The European Union (EU) has given Zimbabwe $2,4 million to help farmers alleviate the impact of the lean season that peaked from January to March 2017.
Once the bread-basket of the region, Zimbabwe has since 2000 struggled to feed its people due to droughts and President Robert Mugabe’s seizure of white-owned farms to resettle landless blacks, which badly affected commercial agriculture.
Ambassador Philippe Van Damme, EU head of Delegation in Harare, said with 70 percent of Zimbabweans living in rural areas and mostly surviving on farming, supporting agriculture would speed up economic recovery.
The money would be paid out through the EU’s Directorate-General for European Civil Protection and Humanitarian Aid (ECHO) and comes barely five months after the EU had allocated another $8 million from the reserve of the 11th European Development Fund to address the impact of the crises through various resilience building initiatives.
This latest allocation brings the total contribution by the EU and its member states to combat this crisis to approximately $114 million, which will help assisting some of the most vulnerable among the 4,1 million people that have become food insecure during the peak of the lean season and therefore in need of humanitarian assistance.
Recent flooding has only exacerbated an already fragile situation.
“The EU has shown continuous solidarity with the people of Zimbabwe in the face of successive hazards and consequent humanitarian challenges,” Van Damme said.
“The worst has been avoided and we now have to prepare for the future, building more resilient communities against future climate shocks and other hazards.
“Through cash transfers initiatives we have contributed to prevent most vulnerable people to fall into chronic destitution while maintaining functioning markets; it is now important to strengthen capacities and coping mechanisms of these communities, improving, among others, their livelihood base systems, farming productivity and market linkages as well as better prepare them in case of new future disasters.”
This additional funding will ensure the EU’s implementing partners, including the UN World Food Programme and Save the Children, continue and increase the geographical reach of actions started in 2016 until the end of the lean season.
The Save the Children project targets over 58 000 affected people in four districts with humanitarian food assistance through mobile cash transfers. The WFP project targets over 67 000 beneficiaries, assisting them also through cash transfers. With this latest top-up, the EU has mobilised $27,5 million for measures to alleviate the El Niño-induced drought, such as cash-based responses and emergency livestock initiatives.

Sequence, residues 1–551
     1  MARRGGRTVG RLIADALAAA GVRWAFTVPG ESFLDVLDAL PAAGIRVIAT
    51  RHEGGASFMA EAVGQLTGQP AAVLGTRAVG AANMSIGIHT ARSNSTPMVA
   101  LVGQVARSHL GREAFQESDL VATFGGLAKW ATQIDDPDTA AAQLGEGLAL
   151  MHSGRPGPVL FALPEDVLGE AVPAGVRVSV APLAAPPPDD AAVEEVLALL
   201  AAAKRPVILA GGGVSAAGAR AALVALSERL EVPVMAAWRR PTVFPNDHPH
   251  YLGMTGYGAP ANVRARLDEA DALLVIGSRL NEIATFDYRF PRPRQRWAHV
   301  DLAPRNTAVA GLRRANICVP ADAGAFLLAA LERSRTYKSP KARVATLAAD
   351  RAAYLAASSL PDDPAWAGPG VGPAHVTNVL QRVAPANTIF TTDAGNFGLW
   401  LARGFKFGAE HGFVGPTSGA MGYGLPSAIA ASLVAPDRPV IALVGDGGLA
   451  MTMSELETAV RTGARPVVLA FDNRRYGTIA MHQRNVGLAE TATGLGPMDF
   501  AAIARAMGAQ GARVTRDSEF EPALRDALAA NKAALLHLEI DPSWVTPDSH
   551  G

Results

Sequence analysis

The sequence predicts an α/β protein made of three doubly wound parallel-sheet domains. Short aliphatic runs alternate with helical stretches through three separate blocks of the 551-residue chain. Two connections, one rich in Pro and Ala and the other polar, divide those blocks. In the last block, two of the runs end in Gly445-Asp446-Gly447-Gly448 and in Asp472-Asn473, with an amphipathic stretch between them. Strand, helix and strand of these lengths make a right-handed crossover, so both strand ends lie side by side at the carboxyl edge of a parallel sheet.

The EU member states, of which eleven are represented in Harare, have bilaterally since 2015 also provided a total of $86 million for relief programs; in particular by contributions from the United Kingdom/DFID, Germany, Netherlands, Sweden and Italy across a number of key sectors such as food assistance, water and sanitation, nutrition and overall support to livelihood systems.
Responses modalities are based on market assessment with a strong emphasis on the use of initiatives based on cash transfers.
The sizeable total contribution by the EU and its member states is in direct response to the declaration of a state of emergency by the government of Zimbabwe and the subsequent appeal for humanitarian assistance in February 2016.
Zimbabwe revised upwards to $188 million its emergency aid appeal last month after floods devastated large areas of the country.
Vice President Phelekezela Mphoko reported that government was now seeking $188m for a flash appeal for Zimbabwe, a sharp increase from the $100m sought earlier.
Van Damme said the EU’s response was further proof of the continuing commitment to strengthen Zimbabwe’s coping mechanisms regarding shocks such as the El Niño-induced drought. It said it was also contributing to the United Nations’ Humanitarian Response Plan (HRP April 2016 to March 2017), for which a total of $352 million has been requested.
Since imposing sanctions in 2002 over electoral fraud and human rights abuses, the EU has eased measures to encourage political reform in Zimbabwe, although it has kept its ban on Mugabe and his wife Grace, as well as an arms embargo.
The EU accusations have been denied by Mugabe, saying the bloc was leading the West in trying to remove him from power as punishment for the land seizures.